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Is it Good? The X-Files Annual 2014 #1 Review

The 2014 X-Files Annual arrives this week with two new tales, one of which is written by the show’s long time writer/producer Frank Spotnitz. Is it good?


The X-Files Annual 2014 (IDW Publishing)


the-x-files-annual-2014-1-cover
DO NOT ask that thing about the hair on its palm.

In the issue’s first story, Mulder and Scully investigate a woman’s claim that her dead husband’s spirit is communicating to her through the phone. Since this is The X-Files, it’s a pretty safe bet that’s actually what’s going on.

the-x-files-annual-2014-1-recording
“Careful, ma’am. Telemarketers can be incredibly crafty a------s.”

So uh… I really wish there was more to say about this one, but that pretty much sums it up. It hits all the usual ghost story tropes (temperature drops, birds slamming into windows, an angry priest, revenge/protection from beyond the grave, etc.) with all the subtlety of a sledge hammer.

The one thing Spotnitz really does well during an otherwise forgettable story is examine the dichotomy of our favorite FBI agents’ faiths. Mulder believes strongly in the paranormal, but not so much in God/the afterlife. Scully is (for the most part) the opposite. It’s been touched on plenty of times before, but Spotnitz does a really great job using Scully and Mulder’s interactions to further explore that aspect of their relationship.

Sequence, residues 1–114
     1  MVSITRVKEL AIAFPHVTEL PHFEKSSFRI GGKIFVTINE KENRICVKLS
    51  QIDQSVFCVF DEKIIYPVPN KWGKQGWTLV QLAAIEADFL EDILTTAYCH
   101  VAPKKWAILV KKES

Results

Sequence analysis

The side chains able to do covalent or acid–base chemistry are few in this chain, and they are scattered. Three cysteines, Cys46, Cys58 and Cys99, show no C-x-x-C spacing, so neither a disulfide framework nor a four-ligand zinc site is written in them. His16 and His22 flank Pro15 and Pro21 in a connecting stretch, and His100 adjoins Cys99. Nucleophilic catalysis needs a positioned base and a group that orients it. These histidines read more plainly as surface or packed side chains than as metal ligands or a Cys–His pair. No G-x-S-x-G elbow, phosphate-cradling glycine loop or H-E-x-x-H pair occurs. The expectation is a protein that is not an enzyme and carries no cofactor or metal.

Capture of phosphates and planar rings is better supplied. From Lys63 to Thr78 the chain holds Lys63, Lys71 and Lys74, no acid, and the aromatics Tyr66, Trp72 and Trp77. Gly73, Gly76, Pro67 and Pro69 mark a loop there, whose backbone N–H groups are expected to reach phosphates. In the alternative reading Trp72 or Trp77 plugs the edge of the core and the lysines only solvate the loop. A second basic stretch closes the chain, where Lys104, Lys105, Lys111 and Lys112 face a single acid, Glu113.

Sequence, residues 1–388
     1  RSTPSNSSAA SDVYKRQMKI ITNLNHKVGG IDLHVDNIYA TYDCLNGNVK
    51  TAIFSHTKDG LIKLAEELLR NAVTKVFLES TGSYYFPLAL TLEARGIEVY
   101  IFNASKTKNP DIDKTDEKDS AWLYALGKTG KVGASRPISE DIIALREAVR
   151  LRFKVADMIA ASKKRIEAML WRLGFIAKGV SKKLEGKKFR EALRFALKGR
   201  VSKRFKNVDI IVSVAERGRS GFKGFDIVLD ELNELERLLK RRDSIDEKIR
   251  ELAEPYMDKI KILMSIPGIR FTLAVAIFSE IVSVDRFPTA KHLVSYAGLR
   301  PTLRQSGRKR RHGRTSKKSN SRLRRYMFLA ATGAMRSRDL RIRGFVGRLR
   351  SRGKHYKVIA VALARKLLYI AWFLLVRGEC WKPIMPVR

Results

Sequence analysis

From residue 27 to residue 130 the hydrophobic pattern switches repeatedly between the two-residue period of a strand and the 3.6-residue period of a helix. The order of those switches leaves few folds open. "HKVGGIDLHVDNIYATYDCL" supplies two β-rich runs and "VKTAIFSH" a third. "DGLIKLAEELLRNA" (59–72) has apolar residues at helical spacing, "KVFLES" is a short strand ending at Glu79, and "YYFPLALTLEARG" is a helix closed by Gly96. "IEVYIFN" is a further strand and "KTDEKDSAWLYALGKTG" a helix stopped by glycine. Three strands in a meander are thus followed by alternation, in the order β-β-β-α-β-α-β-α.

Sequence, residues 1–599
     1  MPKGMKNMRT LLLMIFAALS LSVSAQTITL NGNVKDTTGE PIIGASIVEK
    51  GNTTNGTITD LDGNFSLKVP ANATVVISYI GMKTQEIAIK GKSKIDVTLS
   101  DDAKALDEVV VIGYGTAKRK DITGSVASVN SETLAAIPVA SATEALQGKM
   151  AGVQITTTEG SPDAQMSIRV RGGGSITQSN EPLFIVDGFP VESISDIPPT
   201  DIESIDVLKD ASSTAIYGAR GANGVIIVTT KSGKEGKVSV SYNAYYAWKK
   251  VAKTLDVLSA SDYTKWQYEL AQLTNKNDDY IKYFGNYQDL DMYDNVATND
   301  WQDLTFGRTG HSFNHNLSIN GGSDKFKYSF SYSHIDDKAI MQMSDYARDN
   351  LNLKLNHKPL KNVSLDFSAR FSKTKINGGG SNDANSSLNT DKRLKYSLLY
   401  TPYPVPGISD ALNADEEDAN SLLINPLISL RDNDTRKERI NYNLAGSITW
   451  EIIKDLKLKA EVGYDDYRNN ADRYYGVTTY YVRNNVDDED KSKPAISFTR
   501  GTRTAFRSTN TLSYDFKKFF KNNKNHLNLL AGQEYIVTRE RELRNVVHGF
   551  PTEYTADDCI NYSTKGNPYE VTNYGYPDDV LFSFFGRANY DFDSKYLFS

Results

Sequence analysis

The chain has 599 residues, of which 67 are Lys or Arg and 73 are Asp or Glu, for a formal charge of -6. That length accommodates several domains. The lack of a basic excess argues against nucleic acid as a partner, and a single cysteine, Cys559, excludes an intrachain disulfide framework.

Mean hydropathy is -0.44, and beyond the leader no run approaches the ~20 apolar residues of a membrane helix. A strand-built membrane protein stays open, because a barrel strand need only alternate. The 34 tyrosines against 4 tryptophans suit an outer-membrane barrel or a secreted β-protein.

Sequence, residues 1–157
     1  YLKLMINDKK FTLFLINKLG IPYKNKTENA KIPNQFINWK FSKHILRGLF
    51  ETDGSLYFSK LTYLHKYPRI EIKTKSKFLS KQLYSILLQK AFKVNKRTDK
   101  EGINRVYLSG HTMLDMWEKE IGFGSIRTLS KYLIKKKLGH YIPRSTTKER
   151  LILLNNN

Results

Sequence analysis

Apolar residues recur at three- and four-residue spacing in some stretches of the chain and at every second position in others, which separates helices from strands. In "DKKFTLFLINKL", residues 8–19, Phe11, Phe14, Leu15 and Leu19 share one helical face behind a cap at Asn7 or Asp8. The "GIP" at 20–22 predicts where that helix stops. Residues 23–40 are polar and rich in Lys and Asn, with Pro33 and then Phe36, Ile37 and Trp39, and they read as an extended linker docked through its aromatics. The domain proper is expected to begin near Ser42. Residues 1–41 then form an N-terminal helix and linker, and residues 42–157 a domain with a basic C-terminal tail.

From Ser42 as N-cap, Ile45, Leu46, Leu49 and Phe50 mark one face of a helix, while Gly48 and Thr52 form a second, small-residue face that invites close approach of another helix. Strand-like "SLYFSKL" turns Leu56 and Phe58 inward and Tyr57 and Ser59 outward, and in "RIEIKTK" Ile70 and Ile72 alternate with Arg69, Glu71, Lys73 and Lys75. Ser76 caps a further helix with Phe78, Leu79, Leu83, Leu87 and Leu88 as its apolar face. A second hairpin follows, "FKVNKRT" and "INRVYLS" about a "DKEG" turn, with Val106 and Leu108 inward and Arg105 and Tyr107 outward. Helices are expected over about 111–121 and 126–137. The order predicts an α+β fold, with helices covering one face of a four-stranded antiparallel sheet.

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One question Spotnitz left unanswered: Do ghost harbinger birds ever poop on their victims?

Meanwhile, the art by Stuart Sayger is all over the place. On one page, it can manage to be beautifully dark and atmospheric… the next, cartoony and confusing.

In the second story, Scully talks to a disgusting looking hand that represents one of her ex-boyfriends. There’s a great joke in there somewhere, but writer Dave Sim was actually going for the idea of a hand on Scully’s heart.

It’s a fairly mundane/bland plot, but some great pencils by Andrew Currie and powerful moments of dialogue by Sim manage to make it an enjoyable read.

Is It Good?

Considering the creative powerhouses lined up behind this one, I was hoping and expecting for a lot more. Neither story is bad, but not very memorable, either.

If you’re absolutely jonesing for an X-Files fix, go ahead and pick this one up. Otherwise, you can skip it and start the countdown to very exciting looking story that begins in issue #11.

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